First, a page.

2010 年 130 巻 11 号 p. 1505-1511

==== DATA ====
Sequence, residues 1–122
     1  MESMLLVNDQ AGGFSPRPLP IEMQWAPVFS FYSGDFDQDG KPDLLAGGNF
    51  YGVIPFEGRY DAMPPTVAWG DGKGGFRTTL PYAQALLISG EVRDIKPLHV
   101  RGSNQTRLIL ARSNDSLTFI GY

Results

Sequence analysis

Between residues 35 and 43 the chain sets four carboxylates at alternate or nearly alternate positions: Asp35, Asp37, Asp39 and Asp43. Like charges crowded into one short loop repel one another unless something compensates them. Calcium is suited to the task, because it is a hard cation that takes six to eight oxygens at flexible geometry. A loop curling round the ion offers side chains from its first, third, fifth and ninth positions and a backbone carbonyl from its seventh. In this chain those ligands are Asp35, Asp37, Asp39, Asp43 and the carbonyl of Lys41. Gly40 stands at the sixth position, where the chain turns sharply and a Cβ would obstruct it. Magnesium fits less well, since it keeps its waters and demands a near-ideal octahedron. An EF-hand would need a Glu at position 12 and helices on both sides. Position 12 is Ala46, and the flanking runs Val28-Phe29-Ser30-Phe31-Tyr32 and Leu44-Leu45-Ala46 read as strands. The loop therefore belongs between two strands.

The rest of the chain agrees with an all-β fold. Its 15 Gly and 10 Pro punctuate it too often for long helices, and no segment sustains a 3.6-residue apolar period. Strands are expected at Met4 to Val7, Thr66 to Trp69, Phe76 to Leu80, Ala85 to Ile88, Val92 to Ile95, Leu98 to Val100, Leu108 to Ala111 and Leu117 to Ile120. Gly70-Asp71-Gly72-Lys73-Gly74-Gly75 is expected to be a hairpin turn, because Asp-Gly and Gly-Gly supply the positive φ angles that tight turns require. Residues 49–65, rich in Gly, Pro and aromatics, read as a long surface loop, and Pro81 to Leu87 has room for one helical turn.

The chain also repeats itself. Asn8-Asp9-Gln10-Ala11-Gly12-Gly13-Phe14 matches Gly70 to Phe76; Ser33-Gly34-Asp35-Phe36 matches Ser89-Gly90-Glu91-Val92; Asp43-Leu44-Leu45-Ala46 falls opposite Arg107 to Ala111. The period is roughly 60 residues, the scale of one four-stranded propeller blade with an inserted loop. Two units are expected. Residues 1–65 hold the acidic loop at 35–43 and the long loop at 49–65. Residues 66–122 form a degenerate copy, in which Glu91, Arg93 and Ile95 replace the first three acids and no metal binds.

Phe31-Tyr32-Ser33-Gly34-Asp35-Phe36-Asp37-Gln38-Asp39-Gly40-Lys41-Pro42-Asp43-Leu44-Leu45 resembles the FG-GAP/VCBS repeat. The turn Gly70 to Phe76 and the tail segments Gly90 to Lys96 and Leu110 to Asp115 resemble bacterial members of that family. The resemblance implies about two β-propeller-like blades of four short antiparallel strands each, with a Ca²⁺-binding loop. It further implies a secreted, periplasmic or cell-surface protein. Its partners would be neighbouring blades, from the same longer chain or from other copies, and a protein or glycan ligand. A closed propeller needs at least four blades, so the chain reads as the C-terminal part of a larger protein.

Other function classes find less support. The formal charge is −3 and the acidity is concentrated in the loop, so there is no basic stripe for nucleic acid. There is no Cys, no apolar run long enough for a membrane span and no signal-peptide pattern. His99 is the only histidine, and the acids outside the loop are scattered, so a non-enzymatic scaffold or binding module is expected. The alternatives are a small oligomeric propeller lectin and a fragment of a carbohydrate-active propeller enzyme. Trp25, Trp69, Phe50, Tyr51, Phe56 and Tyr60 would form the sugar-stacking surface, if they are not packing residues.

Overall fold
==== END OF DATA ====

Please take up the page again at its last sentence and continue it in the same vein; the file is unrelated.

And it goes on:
Therapeutic effects of in vivo gene therapy, which aims to treat diseases by administering therapeutic genes to patients, are obtained via proteins expressed from the gene administered. Therefore, to optimize the therapeutic effects of such therapy, it is important to control not only the tissue distribution of gene vectors but also that of proteins expressed from the vector. Studies using protein pharmaceuticals have clearly demonstrated that the therapeutic effect depends largely on the spatiotemporal distribution of proteins, such as area under the curve and mean residence time. These results strongly suggest that precise control of the spatiotemporal distribution of proteins increases the efficacy of in vivo gene therapy. Based on these considerations, we tried to increase the therapeutic effect of plasmid DNA-based gene therapy by controlling the profile of proteins expressed form vectors. To increase the residence time of proteins, we developed plasmids with few CpG motifs and achieved sustained expression of proteins at therapeutic levels for as long as several months. Sustained expression of murine interferon γ was highly effective in inhibiting metastatic tumor growth and atopic dermatitis in mouse models. Thus, designing plasmid vectors is a promising approach not only to controlling the spatiotemporal distribution of proteins, but also to increasing the therapeutic potency of in vivo gene therapy.